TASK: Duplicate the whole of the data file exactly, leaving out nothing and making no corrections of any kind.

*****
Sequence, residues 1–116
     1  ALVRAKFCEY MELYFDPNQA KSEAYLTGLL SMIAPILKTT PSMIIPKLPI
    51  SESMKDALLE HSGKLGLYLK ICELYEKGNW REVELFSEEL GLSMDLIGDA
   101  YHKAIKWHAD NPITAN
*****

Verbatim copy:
Sequence, residues 1–116
     1  ALVRAKFCEY MELYFDPNQA KSEAYLTGLL SMIAPILKTT PSMIIPKLPI
    51  SESMKDALLE HSGKLGLYLK ICELYEKGNW REVELFSEEL GLSMDLIGDA
   101  YHKAIKWHAD NPITAN